Ask Dr Moore
June 18, 2004
Dr. Mark Moore, best-selling author of the gender selection book Baby Girl or Baby Boy--Choose the Sex of Your Child, answers readers' questions on pregnancy and pediatrics.
Pregnancy and Altered Taste
Q: I'm 2 months pregnant. Why do many of my favorite foods taste funny?
Dr.Moore: Pregnancy causes changes in almost every system in the body. Increased water retention dilutes the blood volume and causes edema of the cells. This, plus increased levels of estrogens and progesterones are thought to play a role in these changes, even in structures like the tastebuds–the small but complex sensory organs of taste. The medical term: "dysguesia" meaning an altered sense of taste, accounts for this difference in perception.
Everyone will have their own preferences, but a heightened sense of bitter-taste early in pregnancy is often seen. Diet-soda, artificial sweeteners, even water can leave an aftertaste. Much of our food is processed with ingredients that beforehand would have gone unnoticed.
Dysguesia is not to be confused with cravings that occur in pregnancy, commonly to foods like ice-cream, pickles or chocolate, or aversions which are new repulsions to previously liked foods. Sometimes a pregnant woman may sense a funny taste in their mouth even when not eating. Again different presentations with a related root cause–elevated hormone levels and/or increased body edema and water retention. Some researchers feel a concomitant increase in the sense of smell may play a role. Others state that there is an evolutionary protection built into these changes: that is, they help a pregnant mother balance and replace needed nutrients in the body, such as sodium and calcium.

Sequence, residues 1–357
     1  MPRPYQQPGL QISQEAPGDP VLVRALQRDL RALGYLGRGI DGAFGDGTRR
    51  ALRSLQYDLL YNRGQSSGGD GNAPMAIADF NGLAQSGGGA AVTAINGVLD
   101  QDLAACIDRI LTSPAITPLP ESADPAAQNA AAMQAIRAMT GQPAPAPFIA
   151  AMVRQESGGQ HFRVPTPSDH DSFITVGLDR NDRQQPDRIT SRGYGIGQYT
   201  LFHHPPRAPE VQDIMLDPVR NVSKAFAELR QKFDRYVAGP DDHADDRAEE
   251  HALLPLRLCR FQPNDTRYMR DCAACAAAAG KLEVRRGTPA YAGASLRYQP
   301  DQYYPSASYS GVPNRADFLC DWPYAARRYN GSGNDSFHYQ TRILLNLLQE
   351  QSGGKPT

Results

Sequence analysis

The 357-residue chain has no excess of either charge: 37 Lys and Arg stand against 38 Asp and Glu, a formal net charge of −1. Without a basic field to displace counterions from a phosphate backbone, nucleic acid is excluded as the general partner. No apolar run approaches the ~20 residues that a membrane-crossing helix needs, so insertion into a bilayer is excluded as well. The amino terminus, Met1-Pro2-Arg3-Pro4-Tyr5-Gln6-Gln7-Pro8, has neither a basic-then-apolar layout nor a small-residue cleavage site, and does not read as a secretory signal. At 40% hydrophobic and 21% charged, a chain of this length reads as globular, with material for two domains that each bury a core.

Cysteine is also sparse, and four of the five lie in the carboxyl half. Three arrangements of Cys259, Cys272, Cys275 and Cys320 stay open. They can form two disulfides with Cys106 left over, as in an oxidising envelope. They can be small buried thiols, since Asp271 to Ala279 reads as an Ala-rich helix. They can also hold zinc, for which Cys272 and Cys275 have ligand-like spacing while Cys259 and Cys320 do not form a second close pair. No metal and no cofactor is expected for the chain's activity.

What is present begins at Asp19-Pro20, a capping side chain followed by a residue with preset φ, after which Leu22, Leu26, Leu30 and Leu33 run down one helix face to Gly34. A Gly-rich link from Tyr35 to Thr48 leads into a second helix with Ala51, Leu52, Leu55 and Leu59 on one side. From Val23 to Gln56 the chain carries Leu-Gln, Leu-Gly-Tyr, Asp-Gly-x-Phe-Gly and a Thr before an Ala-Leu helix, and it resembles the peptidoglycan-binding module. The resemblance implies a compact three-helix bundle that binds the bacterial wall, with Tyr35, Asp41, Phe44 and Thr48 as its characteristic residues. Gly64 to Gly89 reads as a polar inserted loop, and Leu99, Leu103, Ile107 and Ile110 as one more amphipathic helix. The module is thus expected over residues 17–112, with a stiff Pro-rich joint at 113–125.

Suggestions for dealing with these changes include: alter your diet to accommodate these new likes and dislikes, start you meal with dry crackers to attenuate strong tastes, and chew a flavored gum, sugarless mint or ice chips. Spicy foods can sometimes help because of the numbing effect they can have.
Notwithstanding the above, the mother-to-be must navigate the dietary
waters with care.
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Readers may send questions to our email address. This column is for informational purposes only and is not a substitute for professional or medical advice.
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